Kim Kardashian Faces $1 Million Fine for EthereumMax Crypto Promo

  • Kim Kardashian paid $1.26 million to settle a suit over her endorsement of EthereumMax (EMAX-USD)
  • It’s part of a general crackdown against crypto coin advertising.
  • Celebrities can sell a product or the idea of stock investments, but not stock in Coca-Cola (KO).
Kim Kardashian crypto - Kim Kardashian Faces $1 Million Fine for EthereumMax Crypto Promo

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Celebrity socialite Kim Kardashian agreed to pay $1.26 million for not disclosing a $250,000 payment to push a crypto token called EthereumMax (EMAX-USD).

The settlement, disclosed by the U.S. Securities and Exchange Commission (SEC), includes a $1 million fine plus a $260,000 disgorgement of her payment (including interest).

It’s the latest step in an SEC crackdown on crypto, which is distinguishing between celebrity endorsement of exchanges and those of specific coins.

Kim Kardashian Crypto: What’s Going On?

EthereumMax began trading in 2020 and has never been worth more than a fraction of a cent. It was recently trading at $0.000000004233.

Investors filed a class action lawsuit in January over Kardashian’s endorsement, along with that of boxer Floyd Mayweather, who took EthereumMax tokens as payment for tickets to one of his fights.  Kardashian tried to be cagey in her own endorsement, writing on Instagram, “This is not financial advice but sharing what my friends just told me.”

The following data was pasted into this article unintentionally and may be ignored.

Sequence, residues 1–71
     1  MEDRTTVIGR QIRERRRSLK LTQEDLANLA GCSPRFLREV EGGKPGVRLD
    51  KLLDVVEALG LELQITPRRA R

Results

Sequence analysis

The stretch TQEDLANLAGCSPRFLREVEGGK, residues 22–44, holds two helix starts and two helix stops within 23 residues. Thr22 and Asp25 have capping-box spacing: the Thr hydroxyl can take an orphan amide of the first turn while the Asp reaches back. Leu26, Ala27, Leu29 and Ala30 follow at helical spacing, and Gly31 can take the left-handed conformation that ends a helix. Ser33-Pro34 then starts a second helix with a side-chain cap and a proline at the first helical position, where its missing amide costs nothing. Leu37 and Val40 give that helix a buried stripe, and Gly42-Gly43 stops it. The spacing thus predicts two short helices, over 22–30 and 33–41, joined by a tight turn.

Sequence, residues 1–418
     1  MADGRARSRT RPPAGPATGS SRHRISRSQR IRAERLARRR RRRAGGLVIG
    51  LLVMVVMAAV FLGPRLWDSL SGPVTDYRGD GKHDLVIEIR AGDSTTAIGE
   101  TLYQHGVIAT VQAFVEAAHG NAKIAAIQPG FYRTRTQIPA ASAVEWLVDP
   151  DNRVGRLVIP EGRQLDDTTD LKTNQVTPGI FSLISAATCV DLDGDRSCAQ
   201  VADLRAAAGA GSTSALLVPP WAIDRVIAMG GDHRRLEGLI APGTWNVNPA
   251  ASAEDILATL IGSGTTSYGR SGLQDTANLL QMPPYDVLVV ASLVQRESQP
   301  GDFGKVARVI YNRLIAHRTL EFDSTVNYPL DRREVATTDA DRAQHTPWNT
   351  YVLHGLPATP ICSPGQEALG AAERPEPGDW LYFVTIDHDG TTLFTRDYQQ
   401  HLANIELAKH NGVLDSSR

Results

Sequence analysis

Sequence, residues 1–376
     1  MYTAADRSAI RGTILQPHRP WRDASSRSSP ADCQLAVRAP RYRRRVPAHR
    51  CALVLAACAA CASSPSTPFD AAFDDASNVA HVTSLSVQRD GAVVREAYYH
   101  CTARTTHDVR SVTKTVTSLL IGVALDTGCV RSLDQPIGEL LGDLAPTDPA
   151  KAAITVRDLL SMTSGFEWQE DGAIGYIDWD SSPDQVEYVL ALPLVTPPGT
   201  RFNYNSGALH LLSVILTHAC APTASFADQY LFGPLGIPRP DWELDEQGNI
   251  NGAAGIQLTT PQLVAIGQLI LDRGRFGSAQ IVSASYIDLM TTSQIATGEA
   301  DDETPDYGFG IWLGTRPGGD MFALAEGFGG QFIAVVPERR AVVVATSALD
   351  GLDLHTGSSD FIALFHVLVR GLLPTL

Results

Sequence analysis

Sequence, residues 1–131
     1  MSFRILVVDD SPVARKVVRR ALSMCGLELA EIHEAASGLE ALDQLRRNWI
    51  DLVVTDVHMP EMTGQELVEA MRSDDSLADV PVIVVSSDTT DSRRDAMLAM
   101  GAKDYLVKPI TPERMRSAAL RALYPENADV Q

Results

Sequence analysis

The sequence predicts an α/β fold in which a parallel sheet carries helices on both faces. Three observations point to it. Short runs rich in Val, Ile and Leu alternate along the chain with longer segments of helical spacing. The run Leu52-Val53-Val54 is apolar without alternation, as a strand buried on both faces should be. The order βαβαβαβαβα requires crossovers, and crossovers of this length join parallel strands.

The SEC has been campaigning against what it calls “pump and dump” crypto schemes. Last week it filed suit against two firms that said they had gold bullion to back a coin called Dignity (DIG-USD). Crypto executives have said the agency is “trying to destroy” their industry with lawsuits calling coins unregistered securities.

But the agency hasn’t had things all its own way. Courts have sometimes ruled that the coins aren’t securities, taking them out of the SEC’s jurisdiction. The Commodities Futures Trading Commission (CFTC) has also sought to be the crypto regulator, which industry observers consider bullish for the sector.

Several exchanges ran ads during the Super Bowl, with celebrity pitchmen like LeBron James, Larry David, and Matt Damon.

The SEC has been looking into celebrity crypto endorsements for five years, taking action against those endorsing specific coins but no action against those endorsing exchanges.

What Happens Next?

Celebrities go where the money is, and with most crypto coins selling for a fraction of their price at the start of 2022, they’re going elsewhere.

The rule should be simple. You can pitch Coca-Cola (NYSE:KO), you can pitch a stock exchange, but you can’t pitch Coca-Cola stock.

On the date of publication, Dana Blankenhorn held no positions in any companies mentioned in this article. The opinions expressed in this article are those of the writer, subject to the Publishing Guidelines.

Dana Blankenhorn has been a financial and technology journalist since 1978. He is the author of Technology’s Big Bang: Yesterday, Today and Tomorrow with Moore’s Law, available at the Amazon Kindle store. Write him at, tweet him at @danablankenhorn, or subscribe to his Substack.

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